Harappan cemeteries have been located at sites such as Harappa, Kalibangan, Lothal, Rakhigarhi, Surkotada etc.
The most common method of burial was to place the body of the deceased in an extended position, with the head towards the north, in a simple pit or brick chamber.
Grave goods include food, pottery, tools, and ornaments but they were never too many or lavish. Clearly, the Harappans preferred to use wealth in life rather than bury it with their dead.
Normally, no coffin, structurally or otherwise was used but at Harappa, archaeologists found a woman’s body in a wooden coffin lined with reed mats.
At Kalibangan, symbolic burials with grave goods but no skeletons were found.
Fractional burials (where the body was exposed to the elements and the bones then gathered and buried) were found at Mohenjodaro and Harappa.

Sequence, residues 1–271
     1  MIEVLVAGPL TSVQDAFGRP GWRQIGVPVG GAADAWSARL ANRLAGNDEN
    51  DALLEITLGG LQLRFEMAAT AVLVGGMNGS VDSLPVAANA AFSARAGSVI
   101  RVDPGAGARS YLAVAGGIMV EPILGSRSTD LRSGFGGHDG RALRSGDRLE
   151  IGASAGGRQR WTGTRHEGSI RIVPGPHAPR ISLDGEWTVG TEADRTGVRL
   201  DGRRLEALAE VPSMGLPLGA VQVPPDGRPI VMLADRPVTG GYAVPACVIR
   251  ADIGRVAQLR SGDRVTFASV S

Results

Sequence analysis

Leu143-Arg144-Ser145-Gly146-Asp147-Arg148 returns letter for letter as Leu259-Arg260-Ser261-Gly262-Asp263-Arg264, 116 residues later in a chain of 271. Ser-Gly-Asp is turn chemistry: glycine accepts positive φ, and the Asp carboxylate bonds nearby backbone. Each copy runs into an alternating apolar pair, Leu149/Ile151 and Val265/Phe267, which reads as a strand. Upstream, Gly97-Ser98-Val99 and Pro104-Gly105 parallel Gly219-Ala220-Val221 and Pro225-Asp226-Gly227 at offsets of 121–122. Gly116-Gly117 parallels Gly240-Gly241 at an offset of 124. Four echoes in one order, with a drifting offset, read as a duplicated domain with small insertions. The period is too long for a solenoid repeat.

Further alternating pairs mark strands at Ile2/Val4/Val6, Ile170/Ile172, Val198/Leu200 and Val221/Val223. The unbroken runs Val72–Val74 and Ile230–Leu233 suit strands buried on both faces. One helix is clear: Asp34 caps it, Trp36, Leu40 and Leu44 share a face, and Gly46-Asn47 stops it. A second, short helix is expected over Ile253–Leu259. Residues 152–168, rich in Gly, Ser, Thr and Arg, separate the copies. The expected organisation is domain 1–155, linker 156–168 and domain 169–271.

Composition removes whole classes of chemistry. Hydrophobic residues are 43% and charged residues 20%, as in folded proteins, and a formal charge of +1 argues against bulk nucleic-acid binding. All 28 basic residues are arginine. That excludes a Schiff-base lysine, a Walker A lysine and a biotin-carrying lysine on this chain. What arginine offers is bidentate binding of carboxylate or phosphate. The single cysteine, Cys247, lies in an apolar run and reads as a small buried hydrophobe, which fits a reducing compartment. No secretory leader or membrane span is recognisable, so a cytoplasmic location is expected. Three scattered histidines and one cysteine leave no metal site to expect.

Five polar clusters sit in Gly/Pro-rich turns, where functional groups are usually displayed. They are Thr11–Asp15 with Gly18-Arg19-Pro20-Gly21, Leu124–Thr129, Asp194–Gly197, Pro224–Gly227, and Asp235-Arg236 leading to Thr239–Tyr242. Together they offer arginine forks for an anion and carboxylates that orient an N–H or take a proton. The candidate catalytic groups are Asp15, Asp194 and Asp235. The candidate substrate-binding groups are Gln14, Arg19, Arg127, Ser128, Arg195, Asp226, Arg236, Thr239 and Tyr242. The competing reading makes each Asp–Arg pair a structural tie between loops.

Mohenjo-Daro and Harappa also gave evidence of urn burials which point towards the existence of practice of cremation.
Multiple burials of men and women were discovered at Lothal. A unique funerary rite involving the simultaneous burial of two persons in the same grave-pit was observed at Lothal.
At Ropar cemetery, the body was laid in the grave with head to the north-west normally but in one case, the orientation was north-south.
Interestingly, Harappan burials show little evidence of social hierarchies, unlike Mesopotamian or Egyptian where some interments may indicate considerable wealth.